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America’s phobia of banks
By Simon Schama

Unaccustomed as they are to being told to stand in the corner wearing dunces’ hats, American bankers, so it’s been reported, are getting grouchy about the “stress tests” inflicted on them by the Treasury as a condition of receiving bail-out funds. They have, it’s rumored, been “pushing back” against restrictions on executive pay. Beggars, it seems, can be choosers. But before they get just a bit above themselves, perhaps they should ponder the long history of the love-hate relationship between banking and government in America.

They could do worse than to take a look at the $20 bill. For there, breaking into the space separating the words “Federal” from “Reserve” is the cresting mane of Andrew Jackson, the most hair-conscious president of the United States. Aside from cultivating his pompadour as the insignia of a free frontier spirit, his locks tied in an eelskin, the seventh US president was also the sworn enemy of paper currency and central banking.

Jackson, who was in the White House from 1829-1837, was a new brand of politician in American life. No one would confuse him with the Virginian gentlemen-planters who had dominated high office in the early republic. He had been Indian fighter, scourge of the British and darling of the frontier crowds. But what really got his dander up was the Bank of the United States, the institution granted the monopoly to print paper money. The “Monster”, he declared at the height of his presidential knock-down battle with its president Nicholas Biddle, “wants to kill me but I will kill it”.

And destroy the Bank of the United States Jackson did, vetoing the Senate’s renewal of its charter in 1832 and running for re-election as the champion of People v Monster. The result of the liquidation of monetary regulation was predictable: wildcat speculation. Two months after Jackson left office in March 1837, the second of the great American financial meltdowns was under way (the first was in 1819). Another swiftly followed in 1839 under the administration of Jackson’s hand-picked successor, Martin Van Buren. On the eve of the civil war, Jackson’s wish for monetary decentralisation had come true beyond his wildest dreams There were 7,000 local currencies circulating in the republic and an epidemic of counterfeiting. It took Lincoln’s Banking Act of 1862, born of a desperate need for dependable credit to fight the war, for a modicum of monetary order to be salvaged from what Biddle had accurately prophesied would be monetary anarchy.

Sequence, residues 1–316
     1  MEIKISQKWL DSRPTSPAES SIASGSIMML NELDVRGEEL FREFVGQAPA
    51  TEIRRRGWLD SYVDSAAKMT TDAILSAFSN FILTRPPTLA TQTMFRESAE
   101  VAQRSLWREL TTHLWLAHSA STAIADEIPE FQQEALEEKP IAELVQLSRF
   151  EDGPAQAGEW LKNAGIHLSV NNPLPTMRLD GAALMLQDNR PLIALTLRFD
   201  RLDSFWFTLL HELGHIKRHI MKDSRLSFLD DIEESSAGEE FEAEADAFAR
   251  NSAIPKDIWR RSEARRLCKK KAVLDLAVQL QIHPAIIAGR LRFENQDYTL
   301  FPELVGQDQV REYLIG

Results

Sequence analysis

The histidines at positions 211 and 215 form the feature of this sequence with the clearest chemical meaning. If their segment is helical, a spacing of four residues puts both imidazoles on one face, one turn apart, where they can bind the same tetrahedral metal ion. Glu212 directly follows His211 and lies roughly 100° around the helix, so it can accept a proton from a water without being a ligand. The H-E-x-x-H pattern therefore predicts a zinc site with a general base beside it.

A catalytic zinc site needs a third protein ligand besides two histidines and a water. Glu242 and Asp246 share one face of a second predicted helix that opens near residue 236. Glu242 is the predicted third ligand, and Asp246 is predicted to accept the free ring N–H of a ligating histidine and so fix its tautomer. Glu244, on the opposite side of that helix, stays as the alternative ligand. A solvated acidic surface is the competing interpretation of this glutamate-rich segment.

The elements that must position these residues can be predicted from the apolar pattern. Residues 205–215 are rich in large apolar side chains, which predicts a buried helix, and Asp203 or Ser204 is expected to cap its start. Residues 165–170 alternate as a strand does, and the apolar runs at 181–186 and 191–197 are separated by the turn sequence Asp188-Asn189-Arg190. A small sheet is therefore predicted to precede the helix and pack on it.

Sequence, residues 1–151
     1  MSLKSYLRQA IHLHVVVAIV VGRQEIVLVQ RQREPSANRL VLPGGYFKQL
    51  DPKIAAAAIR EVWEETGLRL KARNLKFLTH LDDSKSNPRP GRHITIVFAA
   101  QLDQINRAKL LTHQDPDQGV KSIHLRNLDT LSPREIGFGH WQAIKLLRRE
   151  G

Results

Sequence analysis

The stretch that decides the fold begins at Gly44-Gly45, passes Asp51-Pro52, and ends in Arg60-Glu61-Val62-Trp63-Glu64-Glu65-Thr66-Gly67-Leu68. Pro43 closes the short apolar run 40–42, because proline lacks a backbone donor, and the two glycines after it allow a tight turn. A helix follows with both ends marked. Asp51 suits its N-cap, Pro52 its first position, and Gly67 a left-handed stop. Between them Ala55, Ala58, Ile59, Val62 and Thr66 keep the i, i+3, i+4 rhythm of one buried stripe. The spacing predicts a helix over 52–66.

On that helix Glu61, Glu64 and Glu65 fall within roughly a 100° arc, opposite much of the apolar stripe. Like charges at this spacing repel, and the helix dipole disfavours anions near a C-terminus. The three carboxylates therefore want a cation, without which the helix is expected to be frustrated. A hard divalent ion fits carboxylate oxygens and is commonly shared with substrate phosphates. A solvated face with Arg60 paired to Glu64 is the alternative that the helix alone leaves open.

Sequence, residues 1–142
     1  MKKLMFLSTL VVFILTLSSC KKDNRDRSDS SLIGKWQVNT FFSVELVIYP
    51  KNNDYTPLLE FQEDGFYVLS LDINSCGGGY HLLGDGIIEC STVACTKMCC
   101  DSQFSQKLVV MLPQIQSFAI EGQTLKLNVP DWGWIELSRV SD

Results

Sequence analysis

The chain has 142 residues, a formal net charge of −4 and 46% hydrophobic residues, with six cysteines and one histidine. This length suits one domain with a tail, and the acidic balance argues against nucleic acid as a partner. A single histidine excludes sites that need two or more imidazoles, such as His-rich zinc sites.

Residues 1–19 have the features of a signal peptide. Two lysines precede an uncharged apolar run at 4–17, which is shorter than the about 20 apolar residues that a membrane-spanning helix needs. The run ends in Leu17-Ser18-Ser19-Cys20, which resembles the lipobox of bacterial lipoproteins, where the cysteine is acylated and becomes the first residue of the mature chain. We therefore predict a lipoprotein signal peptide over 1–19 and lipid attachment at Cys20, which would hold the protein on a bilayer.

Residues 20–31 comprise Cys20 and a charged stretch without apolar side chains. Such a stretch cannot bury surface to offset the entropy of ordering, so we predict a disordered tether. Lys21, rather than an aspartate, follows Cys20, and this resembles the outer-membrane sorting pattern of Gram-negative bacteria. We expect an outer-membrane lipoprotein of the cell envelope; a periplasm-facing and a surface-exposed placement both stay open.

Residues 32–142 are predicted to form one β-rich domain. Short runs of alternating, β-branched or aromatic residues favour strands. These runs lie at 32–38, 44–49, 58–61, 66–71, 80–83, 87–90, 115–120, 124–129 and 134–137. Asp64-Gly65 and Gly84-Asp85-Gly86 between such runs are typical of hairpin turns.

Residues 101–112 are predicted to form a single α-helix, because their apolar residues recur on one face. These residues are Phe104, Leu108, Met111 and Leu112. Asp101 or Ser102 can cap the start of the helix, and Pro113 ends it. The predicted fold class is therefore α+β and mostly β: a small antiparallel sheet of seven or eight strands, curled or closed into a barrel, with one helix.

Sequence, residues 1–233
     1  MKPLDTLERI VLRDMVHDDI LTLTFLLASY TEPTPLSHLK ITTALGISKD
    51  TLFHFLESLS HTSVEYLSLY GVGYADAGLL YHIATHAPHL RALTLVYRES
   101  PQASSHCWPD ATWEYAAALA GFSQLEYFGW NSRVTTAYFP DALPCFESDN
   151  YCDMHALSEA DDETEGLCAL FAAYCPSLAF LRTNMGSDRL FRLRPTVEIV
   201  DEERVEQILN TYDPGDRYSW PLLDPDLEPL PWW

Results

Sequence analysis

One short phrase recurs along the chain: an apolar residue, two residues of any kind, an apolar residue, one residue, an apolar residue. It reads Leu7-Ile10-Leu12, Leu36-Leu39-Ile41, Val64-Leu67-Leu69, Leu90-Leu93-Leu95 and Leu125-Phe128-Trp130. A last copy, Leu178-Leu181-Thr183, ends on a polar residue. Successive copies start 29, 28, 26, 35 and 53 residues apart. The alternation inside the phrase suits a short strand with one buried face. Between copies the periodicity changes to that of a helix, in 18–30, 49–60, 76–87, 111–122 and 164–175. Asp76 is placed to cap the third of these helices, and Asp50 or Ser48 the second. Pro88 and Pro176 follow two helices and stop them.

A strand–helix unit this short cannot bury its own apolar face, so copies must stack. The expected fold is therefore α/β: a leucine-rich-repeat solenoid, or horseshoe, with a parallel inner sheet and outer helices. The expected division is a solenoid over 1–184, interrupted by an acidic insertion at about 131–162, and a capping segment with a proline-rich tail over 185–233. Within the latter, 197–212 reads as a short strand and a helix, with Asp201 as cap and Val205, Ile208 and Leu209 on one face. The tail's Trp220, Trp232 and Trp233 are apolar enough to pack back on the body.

Andrew Jackson in a courtroom
Jackson, as John Meacham’s recent, elegantly written and excessively generous biography reminds us, was an exceptional figure in American politics in many ways: in his repellent enthusiasm for the ethnic cleansing of Native Americans, his dismissal of inconvenient Supreme Court opinions and his certainty that he was the incarnation of popular democracy in heroic action. This armour-plated egotism allowed him to brush off a Congressional vote of censure as if it were an affront to the American people. (It had been provoked by his attempt to bleed the Bank to death by diverting Treasury deposits to local state banks). The fact that enthusiasts of a central bank – from Alexander Hamilton who had created the first in 1791 – to Jackson’s enemy Biddle, were admirers of the Bank of England, only reinforced the conviction of the veteran general that such institutions were damnably un-American. Whether his bankophobia was the cause of his re-election in 1832 is open to debate but there is no doubt that in his mistrust of paper currency and his almost paranoid suspicion of the Bank’s monopoly of issue, Jackson tapped into a pulsing vein of American insecurity about the moral character of money.
Europeans and other foreigners in the 19th and 20th centuries had become so accustomed to characterising Americans as being in thrall to the Almighty Dollar, that they sometimes neglected to notice a strain of national schizophrenia on the subject of pecuniary wealth. Generation after generation, preachers, newspapermen and frontier politicians fervently railed against the poison of cupidity and the citadels of the eastern seaboard where Big Money ruled. From the time around 1790, when Thomas Jefferson, that lyricist of the agrarian life (as long as slaves did the heavy lifting), attempted to persuade President George Washington that Alexander Hamilton’s plan for a central bank was a threat to American liberties, the tripwire of suspicion about banks, especially central banks, has seldom stopped humming.

Fortunately for the directors of Bank of America and Citibank, Barack Obama has few of Jackson’s allergies to what “Old Hickory” reviled as the “monied aristocracy”. But then, so far as I know, Obama hasn’t been burned by paper transactions the way Jackson was.

In the 1790s the track to success for any ambitious young man on the frontier was through land speculation, the law or soldiering and Jackson had done all three. In 1795 he spent three weeks in Philadelphia trying to sell a property of some thousands of acres of frontier prime. Eventually, he found a buyer who paid with a promissory note. Short of supplies, Jackson purchased cartloads with the endorsed note. Not long after, the suppliers of those goods informed him that his buyer’s bankruptcy now made him liable for the balance of the note. The debt crushed Jackson’s economic prospects for a long while and left him with an abiding mistrust of paper instruments of exchange.